Revolution Review: A Powerful Premiere?

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There was mostly good on the Revolution pilot for me, and only some bad.

Let's get the latter out of the way first: I had a big problem with what is and isn’t working (keep reading for my snarky comments at the end) in relation to technology.

Now, obviously, some technology is going to be used as a plot device because Ben knew this was going to all go down, and, therefore, the algebra teacher’s super special flash drive and ability to boot up her computer didn’t bother me.

Revolution Premiere Picture

However, the narration in the beginning said that modern medicine isn’t really working without technology... so is Danny just benefiting from a left over inhaler because it doesn’t require a plug, merely a pump action?

The good news is for all of the minor quibbles I have over the technology, I never really dwelled on it. I was far more focused on getting to know the characters.

Beginning with the Matheson family: I can’t really say Charlie and Danny are exceptionally deep individuals at this point (but they are pretty, so there’s that), but I do enjoy the bond they share. Charlie is willing to quickly move on after watching her father (maybe) bleed to death to rescue Danny from the militia and keep her family intact.

Charlie doesn’t have the luxury of grieving for very long over anything. The only time we ever see her really show those emotions is when she’s at The Grand with Miles. Her predicament is undesirable, to say the least.

Speaking of Miles, Charlie has to quickly replenish her increasingly diminishing blood relatives to save Danny. Enter Uncle Miles as a not-so-willing participant. Miles is just the type of character to lead the Merry Misfits and the show. His past in the military provide a direct link to the Militia’s leader, Monroe, but he still manages to be incredibly relatable.

If I were in his shoes I, too, would prefer to drink myself to death and stay under the radar if possible, but now that the Militia has found him alive he only has two choices really: hunt or be hunted.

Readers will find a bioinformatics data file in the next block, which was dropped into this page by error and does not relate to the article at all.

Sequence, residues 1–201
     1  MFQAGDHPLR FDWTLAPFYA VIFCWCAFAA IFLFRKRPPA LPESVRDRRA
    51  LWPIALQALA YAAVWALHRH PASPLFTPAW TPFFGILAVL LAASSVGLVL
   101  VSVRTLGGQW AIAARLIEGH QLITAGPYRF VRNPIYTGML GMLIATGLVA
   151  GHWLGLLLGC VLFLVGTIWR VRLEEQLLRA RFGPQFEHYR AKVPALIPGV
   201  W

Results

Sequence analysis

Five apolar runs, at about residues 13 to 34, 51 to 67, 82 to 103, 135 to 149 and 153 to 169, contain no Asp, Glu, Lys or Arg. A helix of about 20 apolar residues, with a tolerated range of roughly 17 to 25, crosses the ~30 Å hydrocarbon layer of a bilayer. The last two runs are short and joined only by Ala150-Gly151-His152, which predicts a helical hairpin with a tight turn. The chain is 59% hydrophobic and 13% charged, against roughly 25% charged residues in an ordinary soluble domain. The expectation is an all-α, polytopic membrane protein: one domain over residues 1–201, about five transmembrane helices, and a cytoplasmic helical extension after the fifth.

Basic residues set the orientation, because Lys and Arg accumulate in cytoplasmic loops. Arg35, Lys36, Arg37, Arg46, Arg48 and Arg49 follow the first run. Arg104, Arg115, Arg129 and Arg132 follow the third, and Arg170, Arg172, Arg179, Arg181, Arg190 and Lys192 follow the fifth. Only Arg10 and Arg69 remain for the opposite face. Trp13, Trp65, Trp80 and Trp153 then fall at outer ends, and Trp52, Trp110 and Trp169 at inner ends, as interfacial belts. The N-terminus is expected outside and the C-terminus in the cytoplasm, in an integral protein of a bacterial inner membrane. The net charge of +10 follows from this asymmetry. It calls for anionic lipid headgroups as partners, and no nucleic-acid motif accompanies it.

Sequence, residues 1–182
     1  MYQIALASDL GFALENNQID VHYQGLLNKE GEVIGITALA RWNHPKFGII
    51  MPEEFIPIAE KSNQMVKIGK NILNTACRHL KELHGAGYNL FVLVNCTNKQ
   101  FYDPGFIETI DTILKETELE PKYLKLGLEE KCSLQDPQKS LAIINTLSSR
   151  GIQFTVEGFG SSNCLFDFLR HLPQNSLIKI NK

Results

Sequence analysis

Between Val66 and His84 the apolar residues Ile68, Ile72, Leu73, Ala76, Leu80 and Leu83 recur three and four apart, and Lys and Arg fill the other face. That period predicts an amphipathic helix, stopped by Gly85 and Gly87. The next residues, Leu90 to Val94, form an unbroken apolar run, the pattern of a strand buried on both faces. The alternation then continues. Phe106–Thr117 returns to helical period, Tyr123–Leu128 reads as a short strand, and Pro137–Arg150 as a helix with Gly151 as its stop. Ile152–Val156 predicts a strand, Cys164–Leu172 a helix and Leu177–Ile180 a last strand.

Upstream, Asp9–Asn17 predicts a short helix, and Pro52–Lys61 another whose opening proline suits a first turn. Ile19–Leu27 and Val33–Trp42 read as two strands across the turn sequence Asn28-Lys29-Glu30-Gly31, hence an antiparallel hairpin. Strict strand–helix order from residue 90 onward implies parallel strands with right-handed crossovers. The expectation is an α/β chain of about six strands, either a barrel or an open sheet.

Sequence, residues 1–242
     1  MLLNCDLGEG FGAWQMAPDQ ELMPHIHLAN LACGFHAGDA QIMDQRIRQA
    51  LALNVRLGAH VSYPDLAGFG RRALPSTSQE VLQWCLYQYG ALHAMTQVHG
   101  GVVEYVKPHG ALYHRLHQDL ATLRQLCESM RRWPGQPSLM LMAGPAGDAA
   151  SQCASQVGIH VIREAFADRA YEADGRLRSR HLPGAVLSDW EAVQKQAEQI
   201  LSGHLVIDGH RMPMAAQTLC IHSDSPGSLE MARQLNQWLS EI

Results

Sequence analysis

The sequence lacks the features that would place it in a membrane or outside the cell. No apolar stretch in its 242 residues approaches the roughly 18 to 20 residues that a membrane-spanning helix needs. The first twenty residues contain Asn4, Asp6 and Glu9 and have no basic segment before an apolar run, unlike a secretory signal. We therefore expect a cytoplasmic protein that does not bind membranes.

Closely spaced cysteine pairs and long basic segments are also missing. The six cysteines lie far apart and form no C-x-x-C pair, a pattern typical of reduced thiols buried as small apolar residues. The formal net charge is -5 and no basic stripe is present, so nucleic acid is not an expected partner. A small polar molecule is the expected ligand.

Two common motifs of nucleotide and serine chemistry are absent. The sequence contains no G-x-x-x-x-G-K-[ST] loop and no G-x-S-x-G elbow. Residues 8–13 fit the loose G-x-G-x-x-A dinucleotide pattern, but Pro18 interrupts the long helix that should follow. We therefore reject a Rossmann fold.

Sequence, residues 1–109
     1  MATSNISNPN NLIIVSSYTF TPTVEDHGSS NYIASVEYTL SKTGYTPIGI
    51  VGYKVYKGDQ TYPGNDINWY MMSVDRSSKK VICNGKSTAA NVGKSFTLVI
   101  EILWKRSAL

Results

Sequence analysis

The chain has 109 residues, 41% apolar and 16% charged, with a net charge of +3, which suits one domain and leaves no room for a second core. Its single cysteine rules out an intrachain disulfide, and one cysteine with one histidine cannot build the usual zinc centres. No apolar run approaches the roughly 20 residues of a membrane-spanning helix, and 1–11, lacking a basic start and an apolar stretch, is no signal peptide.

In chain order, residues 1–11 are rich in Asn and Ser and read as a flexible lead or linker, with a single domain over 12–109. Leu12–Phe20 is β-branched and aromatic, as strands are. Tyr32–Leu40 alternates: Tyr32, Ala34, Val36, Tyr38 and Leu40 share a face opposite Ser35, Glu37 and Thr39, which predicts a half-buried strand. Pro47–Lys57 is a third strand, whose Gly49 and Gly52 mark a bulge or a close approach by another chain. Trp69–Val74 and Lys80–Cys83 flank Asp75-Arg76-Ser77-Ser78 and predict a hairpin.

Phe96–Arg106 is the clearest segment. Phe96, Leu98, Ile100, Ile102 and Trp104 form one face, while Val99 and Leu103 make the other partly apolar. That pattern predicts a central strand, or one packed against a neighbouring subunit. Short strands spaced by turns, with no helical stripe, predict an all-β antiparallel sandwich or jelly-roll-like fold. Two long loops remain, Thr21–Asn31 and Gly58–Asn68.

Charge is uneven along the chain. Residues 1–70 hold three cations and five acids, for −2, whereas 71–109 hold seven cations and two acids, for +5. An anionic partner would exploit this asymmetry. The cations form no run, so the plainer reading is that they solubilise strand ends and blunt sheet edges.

But, for me, the best character is Giancarlo Esposito’s Tom. Just like Breaking Bad’s Gus, Tom has that strong foundation Esposito can project so well. Hr knows when to intimidate and when to use force. There’s also a murky middle to him that makes his character cold and ruthless while simultaneously possessing a set of rules and boundaries.

As for the rest of the characters, Aaron, the guy who worked for Google, will likely come handy at some point, but right now he’s just boring; Nate is trying far too hard at being a Hunger Games participant – should he rebel against the capital or just ruthlessly kill all the Tributes?

Monroe himself has potential. I certainly like what David Lyons was able accomplish with the mediocrity of The Cape. Finally, I’m a huge fan of Elizabeth Mitchell and will gladly watch anything she does.

Finally, we’ll end where we started: with technology. The algebra teacher, Grace, leads me to developing a theory. I’m going to guess Ben, and maybe Miles, are part of a group that has the answer to turning everything back on. Miles alluded to as much during his talk with Charlie:

Charlie: Why did Monroe want my Dad? Why does he want you?
Miles: Monroe thinks your dad knew something, something important, and he thinks your Dad told me so I must know it too.
Charlie: What?
Miles: Why the lights went out maybe how to turn them back on. | permalink

However, the characters need a plan a course of action before turning everything back on since the Militias would probably prefer to use technology to start wars versus restarting humanity. The super secret flash drive has the ability to turn electronics on. The damage potential it has is far reaching. The Militia can literally turn all weapons of war back on.

Random Thoughts:

  • The re-emergence of nature is just so amazing. It’s sometimes hard to imagine how much we’ve shaped the world in our image and to watch nature take that back is powerful.